As you may have guessed from yesterday's post titled: "What is MsTioga doing now", much of the front suspension is being overhauled.
It all began when Tioga went to a shop in Tequisquiapan to get a front wheel alignment. A prerequisite for an alignment, is that suspension components be in good condition. If some components are worn, such as the spindle pins or steering linkage, these must be repaired before an alignment may be done.
MsTioga does not have ball-joint suspension. She has spindle pins. When Tioga makes a turn, her tires rotate about these pins. The spindle pins sit in bronze bushings. Thru driving on rough roads, these bushings become worn. And that is what was found when Tioga went in for her wheel alignment.
In order to check for a worn spindle pin/bushing, the mechanic jacks up the front end. Then a bar is placed underneath the tire and using leverage, the mechanic checks to see if there is up-and-down play. Then the mechanic grasps the tire front and back to see if there is excessive movement. And finally, the tire is grasped top and bottom, to check for excessive play.
Both of Tioga's front wheels did not pass this "movement" test which meant that the spindle pin, or more likely the spindle pin's bushing, was worn and needed replacement. As you may see in the pic below, when replacing the spindle pin and bushing, much of the front end is taken apart. There are other rotating axis points with bushings that should be replaced at the time the spindle pin and its bushing are replaced. That is why Tioga's front end appears to be completely disassembled.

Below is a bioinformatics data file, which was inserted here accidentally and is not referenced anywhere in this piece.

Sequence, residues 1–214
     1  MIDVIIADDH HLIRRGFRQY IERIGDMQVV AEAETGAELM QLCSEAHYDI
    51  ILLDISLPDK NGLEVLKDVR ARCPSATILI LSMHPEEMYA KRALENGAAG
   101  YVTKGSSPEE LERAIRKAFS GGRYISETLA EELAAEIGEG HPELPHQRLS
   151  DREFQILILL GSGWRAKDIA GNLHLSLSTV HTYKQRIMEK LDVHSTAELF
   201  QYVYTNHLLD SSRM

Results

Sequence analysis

The estimate for doing the spindle pin overhaul is, 6000 pesos [$462US], labor and parts. Maybe you know what this work costs in the USA. The estimate at the Goodyear Shop here in Querétaro, Mexico, seems very inexpensive to me.
MsTioga's shocks need replacement too. It has long been my opinion that the specified shocks for the Ford van chassis are insufficient for the load the size of MsTioga. Fleetwood Industries, the company that built Tioga, have specs that for call for a maximum load for an RV on this chassis to be 10,500 pounds. However, Tioga weighs in at 13,200 lbs.
I have asked for replacement shocks to match Tioga's load. These would likely be truck shocks. The Goodyear shop service adviser is looking for these altered specification shocks. So far, he has not found them to be available in Mexico.
12 Noon - Mexican vs American auto shops
Tioga and I have visited auto mechanics all over the county of Mexico. We have never once seen a sign at one of these shops that prohibited customers from going out on the shop floor.
We have all seen a sign such as this one at auto shops in the USA.
But at the Goodyear Shop in Querétaro, and at auto shops all over Mexico, we have gone out on the shop floor, talked with our mechanic, even helped him, even worked on MsTioga, and never have been cautioned about staying out of the shop.
Even at Ford dealers in Mexico it is the same. Customers are allowed to be on the shop floor.